Meet Ginevra Morse, Director of Education and Online Programs at The New England Historic Genealogical Society

by Melissa Diberardino

The New England Historic Genealogical Society (NEHGS) is hidden gem on one of Boston’s most famous streets. Nestled on the corner of Newbury Street and Clarendon, this eight story library and archive building is home to America’s first genealogical society and the largest non-profit genealogical society in the world. Founded in 1845, this massive research and historic center’s mission is, “to advance the study of family history in America and beyond, we educate, inspire and connect people through our scholarship, collections, and expertise.[1]” Currently, their website has 1.4 billion searchable names in their database and they are dedicated to not only uncovering ancestors and history, but they offer services such as how to interpret your DNA results and various classes. Along with their library and archive, there is a conservation and preservation lab on site, they produce publications, and in 2010 they partnered with the American Jewish Historical Society and now house the Jewish Heritage Center among many other outreach and advocacy partnerships.

After making my way over to the NEHGS, which unbeknownst to me was literally right around the corner from one of my part time jobs at the Boston Public Library, I sat down in a grand reading room surrounded by old texts and important looking portraits of older white gentlemen. It was here that I met Ginevra Morse, Director of Education and Online Programs at the NEHGS. Morse is a young vibrant professional in a world where most of their users are older, retired folks interested in a new hobby of family research. She came prepared with pamphlets and flyers as well as an extensively long program calendar. While I had done my basic research, I was unprepared for the amount of work and innovation happening at the NEHGS with the help and leadership of Morse.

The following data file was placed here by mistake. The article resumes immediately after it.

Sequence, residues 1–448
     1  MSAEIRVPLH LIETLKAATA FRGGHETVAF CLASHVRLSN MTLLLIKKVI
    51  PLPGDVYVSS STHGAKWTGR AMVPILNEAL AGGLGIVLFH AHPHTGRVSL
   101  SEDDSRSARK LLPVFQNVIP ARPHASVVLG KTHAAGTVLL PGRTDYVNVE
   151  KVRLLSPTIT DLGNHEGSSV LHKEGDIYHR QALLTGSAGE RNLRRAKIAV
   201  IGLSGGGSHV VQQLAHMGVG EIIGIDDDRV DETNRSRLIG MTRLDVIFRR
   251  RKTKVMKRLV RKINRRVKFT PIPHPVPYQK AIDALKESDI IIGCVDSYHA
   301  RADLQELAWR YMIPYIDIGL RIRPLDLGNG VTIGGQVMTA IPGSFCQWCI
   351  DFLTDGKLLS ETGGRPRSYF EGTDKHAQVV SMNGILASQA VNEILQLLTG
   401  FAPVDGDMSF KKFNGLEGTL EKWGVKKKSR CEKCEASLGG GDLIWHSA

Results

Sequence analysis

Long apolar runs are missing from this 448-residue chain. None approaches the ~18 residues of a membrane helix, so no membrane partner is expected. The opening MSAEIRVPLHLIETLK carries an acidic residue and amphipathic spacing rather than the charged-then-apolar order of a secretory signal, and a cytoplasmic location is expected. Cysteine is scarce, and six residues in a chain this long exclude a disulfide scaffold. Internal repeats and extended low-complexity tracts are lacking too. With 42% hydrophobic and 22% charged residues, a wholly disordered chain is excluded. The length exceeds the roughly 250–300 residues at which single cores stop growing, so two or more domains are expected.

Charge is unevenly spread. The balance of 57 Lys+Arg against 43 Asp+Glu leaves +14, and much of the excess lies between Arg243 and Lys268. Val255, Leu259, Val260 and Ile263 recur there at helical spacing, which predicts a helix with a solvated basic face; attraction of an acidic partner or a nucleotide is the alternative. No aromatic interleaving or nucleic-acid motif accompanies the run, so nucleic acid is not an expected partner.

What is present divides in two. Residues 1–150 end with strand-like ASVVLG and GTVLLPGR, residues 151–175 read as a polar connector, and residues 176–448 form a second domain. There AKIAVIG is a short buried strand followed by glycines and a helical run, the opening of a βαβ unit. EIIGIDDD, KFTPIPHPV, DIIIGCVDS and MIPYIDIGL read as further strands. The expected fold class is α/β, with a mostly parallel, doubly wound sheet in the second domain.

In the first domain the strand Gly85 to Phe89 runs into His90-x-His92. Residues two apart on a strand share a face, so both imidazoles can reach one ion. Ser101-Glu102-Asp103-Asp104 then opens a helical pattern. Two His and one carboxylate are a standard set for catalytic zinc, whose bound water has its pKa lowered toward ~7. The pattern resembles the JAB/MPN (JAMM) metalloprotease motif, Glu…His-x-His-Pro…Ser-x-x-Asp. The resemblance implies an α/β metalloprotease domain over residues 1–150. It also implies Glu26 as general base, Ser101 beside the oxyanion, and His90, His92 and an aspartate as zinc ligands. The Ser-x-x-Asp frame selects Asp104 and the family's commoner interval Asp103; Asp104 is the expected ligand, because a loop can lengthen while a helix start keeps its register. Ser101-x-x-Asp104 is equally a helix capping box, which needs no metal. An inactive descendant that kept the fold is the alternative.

Ginevra Morse gained her bachelor’s degree at McGill College in Montreal for religious studies and anthropology. However, her journey to get where she is now started at a young age. By 4th grade her interest in history and the world around her led her to become involved in and volunteer at a historical site in Exeter, NH where she grew up. Upon finishing her undergraduate degree, she landed her first job at a foreign language academic publisher in the marketing department. It was during this time she began gaining her outreach skills. It wasn’t long before she began creating webinars to reach teachers and educators and teach them about the best methods and practices in foreign languages. After four years there, Morse moved on to the NEHGS.

She began her career at the NEHGS in the publishing department where she would work on book production, design, and promoting. After three years in the publishing department, she moved to the education department where she resides today. In her current role, she oversees over 160 programs a year, from research tours to dedicated research projects, all across the country. They organize seminars on various topics and take archivists, researchers, and genealogists to locations around the country (and world) to other genealogical societies and historical societies. Locally they hold free lectures, author events, evening programs, seminars, workshops, webinars, and classes. In 2013, she helped launch their online learning center where they have free materials easily accessible to users.